Hawaiian Clipart

Aloha Kākou!

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All the clipart here is under copyright, if you have any questions about what you are allowed to use it for then please refer to this page.

I would love to see what you create! Tag me or send me a picture through email: kaulumaika@gmail.com or through social media: @kaulumaika.

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To download just left click on the one you want and select "save image". If the quality of the image is low on your project that's because it's meant to be scaled down. Simply make it smaller and the quality of the image should return.

E kaulana ana nā mea Hawaiʻi maoli!

- Emily

Pohinahina - Native (Indigenous)

Awa - Native Milkfish raised by Hawaiians in fishponds

Kalo - Native (Polynesian Introduced)

Awapuhi - Native (Polynesian Introduced)

Awapuhi was used to scent and dye tapa. It was used in a variety of medicines and the flowers were used in lei - although the flowers don't last long!

Kamani - Native (Polynesian Introduced)

Koa - Native (Endemic)

Koa is the tallest tree in Hawaiian flora. It can grow to be over 100 feet tall making it very useful for building and carving. Ancient hawaiians used it for their canoe among many other uses. Food for thought: though koa is a beautiful wood, consider using abundant and invasive trees for carving or buying so that our koa trees can continue to grow and live in their natural habitat.

Milo - Native (Indigenous and possibly Polynesian Introduced)

The tree grows well in sand and rock so it is found by the shoreline. It was used to make beautiful dark purple bowls and calabashes. It was also used as a dye.

Pua Kalaunu - Native (Indigenous and possibly Polynesian Introduced)

The tree was used for bowl and platter making. The leaves were used for dyeing fishing lines. The flowers were used in lei.

Pua Kalaunu - Non-Native

The purple crown flower was a favorite of Queen Liliuokalani and a symbol of her reign.

About Me - Kaimi, Our Newest Team Member

  • Kaimi is about to have her first keiki in October!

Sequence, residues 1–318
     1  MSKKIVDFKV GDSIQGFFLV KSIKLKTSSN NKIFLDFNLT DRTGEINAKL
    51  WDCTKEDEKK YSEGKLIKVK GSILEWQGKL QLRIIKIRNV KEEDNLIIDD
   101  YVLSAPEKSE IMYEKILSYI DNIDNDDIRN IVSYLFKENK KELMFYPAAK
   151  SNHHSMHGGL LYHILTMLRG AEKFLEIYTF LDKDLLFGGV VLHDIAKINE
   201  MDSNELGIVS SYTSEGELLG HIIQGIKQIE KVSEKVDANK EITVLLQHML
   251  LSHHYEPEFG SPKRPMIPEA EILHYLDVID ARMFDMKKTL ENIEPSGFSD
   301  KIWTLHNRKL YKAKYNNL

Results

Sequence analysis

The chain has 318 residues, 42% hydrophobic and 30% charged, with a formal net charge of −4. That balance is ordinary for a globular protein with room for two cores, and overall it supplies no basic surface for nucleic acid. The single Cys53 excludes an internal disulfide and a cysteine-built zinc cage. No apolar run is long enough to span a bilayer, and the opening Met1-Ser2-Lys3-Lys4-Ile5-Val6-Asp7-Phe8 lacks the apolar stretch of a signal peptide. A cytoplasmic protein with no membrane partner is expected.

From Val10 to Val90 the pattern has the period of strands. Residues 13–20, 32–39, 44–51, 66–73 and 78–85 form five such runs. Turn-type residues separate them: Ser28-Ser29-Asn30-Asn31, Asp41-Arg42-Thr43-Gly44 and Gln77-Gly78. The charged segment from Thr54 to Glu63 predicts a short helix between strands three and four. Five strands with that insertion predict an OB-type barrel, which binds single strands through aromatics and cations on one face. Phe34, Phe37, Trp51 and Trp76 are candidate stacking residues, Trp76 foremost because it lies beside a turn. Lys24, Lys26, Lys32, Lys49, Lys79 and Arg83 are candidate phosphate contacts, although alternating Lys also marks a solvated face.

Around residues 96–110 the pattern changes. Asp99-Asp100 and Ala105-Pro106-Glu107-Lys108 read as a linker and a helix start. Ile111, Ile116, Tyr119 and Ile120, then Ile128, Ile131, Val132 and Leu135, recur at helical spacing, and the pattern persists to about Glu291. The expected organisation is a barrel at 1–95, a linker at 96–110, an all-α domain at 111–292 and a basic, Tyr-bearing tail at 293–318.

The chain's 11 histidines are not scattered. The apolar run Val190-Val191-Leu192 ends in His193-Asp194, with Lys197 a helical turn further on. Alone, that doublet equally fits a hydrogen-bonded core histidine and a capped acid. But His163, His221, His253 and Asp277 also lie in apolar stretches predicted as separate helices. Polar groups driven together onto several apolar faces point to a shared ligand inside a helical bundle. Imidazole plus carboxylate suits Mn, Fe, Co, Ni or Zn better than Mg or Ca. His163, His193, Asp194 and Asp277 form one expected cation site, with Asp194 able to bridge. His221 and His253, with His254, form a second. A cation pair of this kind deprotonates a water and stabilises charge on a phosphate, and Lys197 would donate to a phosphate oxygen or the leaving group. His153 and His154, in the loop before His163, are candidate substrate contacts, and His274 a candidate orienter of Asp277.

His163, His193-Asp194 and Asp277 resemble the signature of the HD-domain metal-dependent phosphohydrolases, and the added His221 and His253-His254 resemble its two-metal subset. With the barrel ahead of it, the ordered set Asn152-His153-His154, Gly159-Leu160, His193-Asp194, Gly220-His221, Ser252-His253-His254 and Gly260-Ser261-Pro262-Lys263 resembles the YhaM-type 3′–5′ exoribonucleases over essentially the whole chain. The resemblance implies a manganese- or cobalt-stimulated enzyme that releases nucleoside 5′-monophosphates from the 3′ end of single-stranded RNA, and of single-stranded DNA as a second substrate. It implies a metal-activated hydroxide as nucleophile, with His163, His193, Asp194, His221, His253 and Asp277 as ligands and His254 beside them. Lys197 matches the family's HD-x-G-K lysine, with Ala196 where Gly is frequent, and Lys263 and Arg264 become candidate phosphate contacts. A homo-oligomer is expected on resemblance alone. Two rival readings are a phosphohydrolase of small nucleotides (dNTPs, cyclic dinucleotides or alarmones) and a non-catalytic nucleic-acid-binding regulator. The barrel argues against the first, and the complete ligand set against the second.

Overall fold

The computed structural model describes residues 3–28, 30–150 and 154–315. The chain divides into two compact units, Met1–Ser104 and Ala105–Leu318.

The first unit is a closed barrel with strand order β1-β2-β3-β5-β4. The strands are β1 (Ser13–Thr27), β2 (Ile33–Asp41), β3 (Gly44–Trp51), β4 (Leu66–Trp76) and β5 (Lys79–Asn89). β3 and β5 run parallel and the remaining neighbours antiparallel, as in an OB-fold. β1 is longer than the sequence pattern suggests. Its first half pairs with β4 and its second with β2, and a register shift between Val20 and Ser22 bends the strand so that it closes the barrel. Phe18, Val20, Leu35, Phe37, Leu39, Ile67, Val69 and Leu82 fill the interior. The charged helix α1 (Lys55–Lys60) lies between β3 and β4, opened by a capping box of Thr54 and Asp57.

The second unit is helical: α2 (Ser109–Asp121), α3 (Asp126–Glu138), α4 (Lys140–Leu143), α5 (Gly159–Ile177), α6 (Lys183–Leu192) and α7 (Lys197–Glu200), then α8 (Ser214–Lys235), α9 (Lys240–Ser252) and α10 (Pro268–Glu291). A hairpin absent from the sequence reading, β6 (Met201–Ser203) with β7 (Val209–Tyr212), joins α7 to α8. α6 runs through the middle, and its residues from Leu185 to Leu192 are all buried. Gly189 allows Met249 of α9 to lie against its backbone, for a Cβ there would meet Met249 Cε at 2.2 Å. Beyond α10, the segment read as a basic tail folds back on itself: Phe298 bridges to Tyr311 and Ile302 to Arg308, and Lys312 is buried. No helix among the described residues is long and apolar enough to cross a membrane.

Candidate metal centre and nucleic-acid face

• Kaimi loves Poi. 
  • Kaimi is from the island of Maui. 

Kupukupu - Indigenous

Ohia Lehua and Iiwi - Endemic

Akiohala - Indigenous

Lau Kalo - Polynesian Introduced

Puakenikeni - non native but native loved

Melia - non native

Ihiihilauakea - Native Fern

Queen Liliuokalani - Ka moi wahine o Hawaii

Pua Hau - Native Shrub/Tree

La Kuokoa - Timoteo Haalilio, Hae Hawaii, Anglo Franco Proclamation

Lei Maile - Native Hawaiian Plant and beloved Lei

Opihi - Hawaiian (Endemic)

Naupaka Kahakai - Native (Indigenous)

Lai (Ki) - Native (Polynesian Introduced)

Hinahina - Native (Indigenous) 

Holei - Native (endemic)

Kukui - Native (Polynesian Introduced)

Pepee - Native (Endemic)

To learn more about this plant click here:

Kalo - Polynesian Introduced

To learn more about this plant click here:

Hala - Hawaiian (Indigenous)

Plant Identification: Aerial roots and long, slender leaves. The male tree bears a flower called Hinano and the female tree bears bright round fruit that vary in color. (Source: Hawaii.edu)

Hua olelo: (Source: Wehewehe)

Hawaiian Uses: Hala was used in the art of weaving. Hats, mats, bags, and sails were all made by the long leaves of the Hala Tree. (Soure: Amy G.)

Olelo Noeau: "Puna paia ala i ka hala." - Meaning the walls in Puna are fragrant with the scent of Hala. (Source: leiday.org)

Watch how I painted this hala tree here: and paint along with me on your ipad with the same color palette, sketch, and layers I used here:

Palapalai - Hawaiian (Indigenous)

Plant Identification: Bright green fern. The frond is made up of individual blades. (Source: Hawaii.edu)

Hua olelo:

Hawaiian Uses: Hala was used in lei making. (Soure: Amy G.)

Medicine: Said to have been used to treat insanity. (Bishop Museum)

Watch how I painted this hala tree and paint along with me on your ipad with the same color palette, sketch, and layers I used here:


All clipart is under copyright of Kaulumaika LLC. To learn more about how you can use these original artworks click here: